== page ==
CU leader’s enthusiasm is matched only by her compassionKimberly Bohannon thinks of her job—vice president of compliance and risk management at Knoxville (Tenn.) TVA Employees Credit Union—as a hidden treasure of sorts.“Compliance is a job most people dread and wouldn’t want to work in,” she says. “To me, it’s one of the best jobs in the credit union. I get opportunities to research, investigate, train—so many different things in the course of the day. I wouldn’t trade it for anything.”Bohannon draws an analogy to a story about a tollbooth operator. When an interviewer asked if his job was boring, he replied that it was the best job in the world—he was the CEO of his tollbooth.“I’m CEO of compliance,” Bohannon quips. “I have opportunities to effect positive change for the credit union. We have lots of room to grow the compliance program in nontraditional ways.”Bohannon’s enthusiasm is matched only by her compassion. “I try to approach compliance from a place of ‘yes,’ ” she says. “Rather than saying ‘no,’ I look for a way to help members while complying with regulations.”For example, a member presented an unusual form of trust document and wanted to open an account for his mother. “Trusts scare people because they’re all different,” explains Bohannon. “They’re not on our checklist, so we usually say we can’t help them.” continue reading » 12SHARESShareShareSharePrintMailGooglePinterestDiggRedditStumbleuponDeliciousBufferTumblr
The Federal Trade Commission (FTC) should start pushing for authentication measures beyond passwords, two professors claim in a report on improved authentication measures.Daniel J. Solove of George Washington University and Woodrow Hartzog of Samford and Stanford universities released “Should the FTC Kill The Password? The Case for Better Authentication” this summer.“We are in a data security crisis, with data security breaches occurring at a staggering rate. A major part of the reason involves problems authenticating the identity of account holders,” the paper begins. “The most common approach to authentication is the use of passwords, but it is increasingly clear that passwords are being used incorrectly in ways that make them a weak security mechanism.”Short passwords are easy to guess, while long complex passwords are harder to remember, and repeating passwords across different accounts can lead to a number of portals being breached at once. These facts, as well as the ease by which hackers can trick people into revealing those passwords, have led to what the authors call a “widespread consensus” about the problems with passwords. continue reading » 26SHARESShareShareSharePrintMailGooglePinterestDiggRedditStumbleuponDeliciousBufferTumblr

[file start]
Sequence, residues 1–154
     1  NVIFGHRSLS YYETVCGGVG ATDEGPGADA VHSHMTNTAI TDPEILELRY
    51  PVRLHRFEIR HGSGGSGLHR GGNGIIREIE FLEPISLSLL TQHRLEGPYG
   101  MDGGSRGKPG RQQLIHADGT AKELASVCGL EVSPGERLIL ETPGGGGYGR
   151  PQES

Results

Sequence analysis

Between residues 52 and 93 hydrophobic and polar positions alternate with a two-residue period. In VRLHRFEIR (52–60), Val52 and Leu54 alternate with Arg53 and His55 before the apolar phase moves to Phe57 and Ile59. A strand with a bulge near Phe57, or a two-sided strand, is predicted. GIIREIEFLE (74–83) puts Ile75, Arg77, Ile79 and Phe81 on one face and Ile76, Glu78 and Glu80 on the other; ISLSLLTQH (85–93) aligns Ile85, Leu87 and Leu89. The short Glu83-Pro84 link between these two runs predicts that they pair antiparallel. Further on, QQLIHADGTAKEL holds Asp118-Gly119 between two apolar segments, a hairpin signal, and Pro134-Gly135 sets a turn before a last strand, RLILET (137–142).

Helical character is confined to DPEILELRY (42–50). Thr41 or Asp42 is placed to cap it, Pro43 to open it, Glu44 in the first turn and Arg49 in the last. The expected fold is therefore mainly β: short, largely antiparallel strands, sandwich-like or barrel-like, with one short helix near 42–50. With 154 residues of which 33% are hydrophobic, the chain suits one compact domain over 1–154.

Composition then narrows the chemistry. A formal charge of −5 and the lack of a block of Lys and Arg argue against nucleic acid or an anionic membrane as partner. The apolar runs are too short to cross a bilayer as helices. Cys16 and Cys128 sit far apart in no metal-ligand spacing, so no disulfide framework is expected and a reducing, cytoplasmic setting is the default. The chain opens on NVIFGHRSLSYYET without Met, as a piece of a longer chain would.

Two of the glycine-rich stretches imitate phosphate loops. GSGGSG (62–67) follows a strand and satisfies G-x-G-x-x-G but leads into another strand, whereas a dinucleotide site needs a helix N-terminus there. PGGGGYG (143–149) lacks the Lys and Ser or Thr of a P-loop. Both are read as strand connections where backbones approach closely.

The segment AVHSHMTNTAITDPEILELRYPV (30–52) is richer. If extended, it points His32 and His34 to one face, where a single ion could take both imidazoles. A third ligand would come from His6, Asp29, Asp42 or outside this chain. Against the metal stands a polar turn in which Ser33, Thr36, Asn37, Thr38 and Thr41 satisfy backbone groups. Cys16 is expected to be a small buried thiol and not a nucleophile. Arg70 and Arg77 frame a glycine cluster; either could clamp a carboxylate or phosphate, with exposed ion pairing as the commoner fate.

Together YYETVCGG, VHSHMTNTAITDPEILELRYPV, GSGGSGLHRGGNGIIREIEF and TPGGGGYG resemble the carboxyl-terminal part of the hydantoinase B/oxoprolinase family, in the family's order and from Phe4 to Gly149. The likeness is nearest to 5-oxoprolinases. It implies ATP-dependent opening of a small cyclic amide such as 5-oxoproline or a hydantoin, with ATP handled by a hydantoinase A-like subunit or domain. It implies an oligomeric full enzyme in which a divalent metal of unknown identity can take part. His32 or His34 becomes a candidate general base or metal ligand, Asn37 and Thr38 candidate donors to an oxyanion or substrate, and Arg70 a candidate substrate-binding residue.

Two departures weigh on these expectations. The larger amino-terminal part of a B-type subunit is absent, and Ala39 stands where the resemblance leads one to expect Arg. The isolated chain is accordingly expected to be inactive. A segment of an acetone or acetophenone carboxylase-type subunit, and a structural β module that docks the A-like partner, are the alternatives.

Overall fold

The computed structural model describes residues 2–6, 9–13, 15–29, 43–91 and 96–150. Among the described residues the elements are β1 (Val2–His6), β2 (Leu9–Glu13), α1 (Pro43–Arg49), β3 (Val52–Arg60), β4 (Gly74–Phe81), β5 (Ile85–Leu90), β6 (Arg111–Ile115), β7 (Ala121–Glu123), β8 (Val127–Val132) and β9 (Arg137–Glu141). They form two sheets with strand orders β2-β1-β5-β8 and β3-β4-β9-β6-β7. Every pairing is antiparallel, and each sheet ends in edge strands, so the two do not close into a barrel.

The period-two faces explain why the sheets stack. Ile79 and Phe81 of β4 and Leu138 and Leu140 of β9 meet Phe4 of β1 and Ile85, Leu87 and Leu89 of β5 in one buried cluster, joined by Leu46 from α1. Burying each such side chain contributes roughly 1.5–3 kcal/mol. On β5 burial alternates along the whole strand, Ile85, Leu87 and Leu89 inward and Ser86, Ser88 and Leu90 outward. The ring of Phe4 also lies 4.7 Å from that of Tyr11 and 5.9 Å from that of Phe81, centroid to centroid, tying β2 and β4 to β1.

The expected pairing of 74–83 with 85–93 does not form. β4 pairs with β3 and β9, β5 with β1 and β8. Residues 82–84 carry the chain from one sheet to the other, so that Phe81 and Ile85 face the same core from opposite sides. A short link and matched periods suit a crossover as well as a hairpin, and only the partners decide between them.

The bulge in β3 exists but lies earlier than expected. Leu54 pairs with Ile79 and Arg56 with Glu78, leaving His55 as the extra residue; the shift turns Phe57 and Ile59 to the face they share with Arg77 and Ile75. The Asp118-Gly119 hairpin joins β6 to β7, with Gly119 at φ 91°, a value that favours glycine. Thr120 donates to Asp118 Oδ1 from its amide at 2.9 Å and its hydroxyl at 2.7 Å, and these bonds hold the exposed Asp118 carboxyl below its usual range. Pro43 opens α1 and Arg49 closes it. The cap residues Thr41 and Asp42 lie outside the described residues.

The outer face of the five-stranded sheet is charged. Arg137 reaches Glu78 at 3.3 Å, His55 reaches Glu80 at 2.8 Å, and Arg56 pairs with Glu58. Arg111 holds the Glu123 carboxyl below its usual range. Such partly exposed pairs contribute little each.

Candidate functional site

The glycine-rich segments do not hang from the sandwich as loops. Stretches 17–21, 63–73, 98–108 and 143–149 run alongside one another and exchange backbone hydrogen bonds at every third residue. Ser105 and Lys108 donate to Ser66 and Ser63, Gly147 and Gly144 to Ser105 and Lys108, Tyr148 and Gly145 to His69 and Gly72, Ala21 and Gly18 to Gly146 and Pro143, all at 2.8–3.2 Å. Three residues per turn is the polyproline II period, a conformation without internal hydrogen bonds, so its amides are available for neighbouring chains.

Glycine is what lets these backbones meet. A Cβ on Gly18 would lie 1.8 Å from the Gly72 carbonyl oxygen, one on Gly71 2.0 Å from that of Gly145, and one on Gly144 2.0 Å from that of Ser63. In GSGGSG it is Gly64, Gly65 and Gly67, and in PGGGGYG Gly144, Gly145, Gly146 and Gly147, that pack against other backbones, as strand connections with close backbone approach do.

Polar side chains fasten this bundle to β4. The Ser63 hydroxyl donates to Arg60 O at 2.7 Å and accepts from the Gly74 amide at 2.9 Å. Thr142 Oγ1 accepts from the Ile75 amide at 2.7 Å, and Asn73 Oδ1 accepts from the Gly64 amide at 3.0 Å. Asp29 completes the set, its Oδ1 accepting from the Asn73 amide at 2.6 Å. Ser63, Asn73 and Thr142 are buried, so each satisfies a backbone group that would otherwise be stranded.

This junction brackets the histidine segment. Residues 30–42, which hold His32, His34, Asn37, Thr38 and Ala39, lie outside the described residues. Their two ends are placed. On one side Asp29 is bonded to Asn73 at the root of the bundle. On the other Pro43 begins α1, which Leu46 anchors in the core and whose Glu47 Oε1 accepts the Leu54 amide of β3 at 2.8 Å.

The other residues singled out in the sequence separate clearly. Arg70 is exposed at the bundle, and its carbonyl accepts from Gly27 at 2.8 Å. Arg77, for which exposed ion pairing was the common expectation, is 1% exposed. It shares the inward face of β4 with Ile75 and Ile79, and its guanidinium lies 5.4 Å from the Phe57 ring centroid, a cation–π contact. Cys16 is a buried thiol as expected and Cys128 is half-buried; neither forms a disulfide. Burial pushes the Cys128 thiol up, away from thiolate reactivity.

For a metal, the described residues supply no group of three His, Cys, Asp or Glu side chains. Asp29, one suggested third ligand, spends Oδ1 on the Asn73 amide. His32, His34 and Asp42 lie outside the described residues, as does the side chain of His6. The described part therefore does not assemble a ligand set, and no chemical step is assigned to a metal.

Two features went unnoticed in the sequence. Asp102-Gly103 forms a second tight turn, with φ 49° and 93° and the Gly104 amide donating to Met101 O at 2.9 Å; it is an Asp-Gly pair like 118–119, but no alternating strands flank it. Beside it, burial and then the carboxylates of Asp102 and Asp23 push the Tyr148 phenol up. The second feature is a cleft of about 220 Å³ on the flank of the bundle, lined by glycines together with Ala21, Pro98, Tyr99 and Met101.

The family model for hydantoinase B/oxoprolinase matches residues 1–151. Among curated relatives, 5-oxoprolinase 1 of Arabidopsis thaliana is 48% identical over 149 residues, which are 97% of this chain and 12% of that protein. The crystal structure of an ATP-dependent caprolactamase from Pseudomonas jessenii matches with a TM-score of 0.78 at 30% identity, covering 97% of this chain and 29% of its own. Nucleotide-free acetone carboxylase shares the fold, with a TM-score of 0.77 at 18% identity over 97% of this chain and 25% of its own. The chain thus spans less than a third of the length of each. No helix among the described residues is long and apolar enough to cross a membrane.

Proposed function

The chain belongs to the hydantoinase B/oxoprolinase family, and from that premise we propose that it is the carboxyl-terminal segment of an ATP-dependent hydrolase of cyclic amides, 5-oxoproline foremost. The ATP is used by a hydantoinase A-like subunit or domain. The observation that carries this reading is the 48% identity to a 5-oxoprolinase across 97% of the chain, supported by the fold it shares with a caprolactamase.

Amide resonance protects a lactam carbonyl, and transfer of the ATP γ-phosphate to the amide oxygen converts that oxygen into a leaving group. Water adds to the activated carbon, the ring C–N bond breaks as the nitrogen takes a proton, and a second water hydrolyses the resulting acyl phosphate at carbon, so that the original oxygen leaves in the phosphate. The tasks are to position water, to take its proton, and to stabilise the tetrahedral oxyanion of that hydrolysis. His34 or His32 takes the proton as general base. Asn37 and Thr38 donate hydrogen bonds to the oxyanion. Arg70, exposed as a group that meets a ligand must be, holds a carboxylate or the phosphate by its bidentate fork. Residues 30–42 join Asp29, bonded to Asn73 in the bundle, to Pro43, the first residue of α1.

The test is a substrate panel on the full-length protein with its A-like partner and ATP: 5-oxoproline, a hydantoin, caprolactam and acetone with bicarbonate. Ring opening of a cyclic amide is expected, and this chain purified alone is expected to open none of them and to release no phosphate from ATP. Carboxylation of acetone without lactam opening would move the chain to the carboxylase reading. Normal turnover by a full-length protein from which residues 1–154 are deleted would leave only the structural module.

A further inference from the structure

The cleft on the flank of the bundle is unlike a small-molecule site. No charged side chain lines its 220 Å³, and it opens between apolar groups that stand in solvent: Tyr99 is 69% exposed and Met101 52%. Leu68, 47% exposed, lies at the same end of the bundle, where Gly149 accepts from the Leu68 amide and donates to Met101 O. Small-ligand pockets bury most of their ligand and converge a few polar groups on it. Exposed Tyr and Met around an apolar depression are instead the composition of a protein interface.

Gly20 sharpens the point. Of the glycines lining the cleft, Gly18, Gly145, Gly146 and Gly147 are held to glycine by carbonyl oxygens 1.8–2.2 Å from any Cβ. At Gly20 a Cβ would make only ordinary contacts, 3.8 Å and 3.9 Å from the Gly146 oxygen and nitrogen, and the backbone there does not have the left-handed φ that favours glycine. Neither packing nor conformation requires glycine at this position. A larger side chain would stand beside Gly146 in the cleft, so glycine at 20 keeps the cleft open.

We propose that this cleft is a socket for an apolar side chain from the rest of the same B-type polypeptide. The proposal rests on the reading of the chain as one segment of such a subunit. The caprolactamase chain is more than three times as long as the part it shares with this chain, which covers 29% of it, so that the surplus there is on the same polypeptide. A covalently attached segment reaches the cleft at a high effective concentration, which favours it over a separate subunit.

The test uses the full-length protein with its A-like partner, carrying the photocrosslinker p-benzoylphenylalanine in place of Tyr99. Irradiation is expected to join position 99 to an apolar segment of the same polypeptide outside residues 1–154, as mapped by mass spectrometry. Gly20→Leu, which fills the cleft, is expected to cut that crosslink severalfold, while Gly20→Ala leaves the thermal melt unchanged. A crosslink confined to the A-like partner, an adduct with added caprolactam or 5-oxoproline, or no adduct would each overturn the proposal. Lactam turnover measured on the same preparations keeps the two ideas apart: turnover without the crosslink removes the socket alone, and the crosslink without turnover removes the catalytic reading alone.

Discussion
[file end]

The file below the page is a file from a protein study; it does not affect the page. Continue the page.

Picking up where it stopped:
Share Sharing is caring! Hon. Roosevelt SkerritPrime Minister Roosevelt Skerrit says no decision has been taken just yet for Dominica to join the ALBA Bank.His comment comes on the heels of reports that Latin American and Caribbean countries agreed on Sunday to deposit 1 percent of their international reserves into a jointly administered development bank as they seek to deepen economic cooperation.Officials announced the decision as Venezuelan President Hugo Chavez hosted leaders of the Bolivarian Alliance for the Peoples of Our America, ALBA, at a meeting in Caracas at the weekend.The new bank will provide financing for economic development projects however it’s unclear how much in all the countries plan to deposit in the bank, or how the funds will be administered.Mr. Skerrit says government has been reviewing the document and a decision could be taken in the next few weeks.“It is a bank that we support fully. We haven’t taken any loans from the bank as yet but we have received grants from the ALBA arrangements. I believe it’s an important institution that has demonstrated its ability to addressing a number of issues, that governments within the ALBA framework have been facing,” he explained.According to the Prime Minister, the bank provides loans at 1 and 2%, “at a time when the world’s economy is in a serious state of affairs, it is a very attractive preposition”.Dominica Vibes News Share Share Tweet LocalNews No decision to join ALBA Bank just yet- PM Skerrit by: – February 7, 2012 187 Views no discussions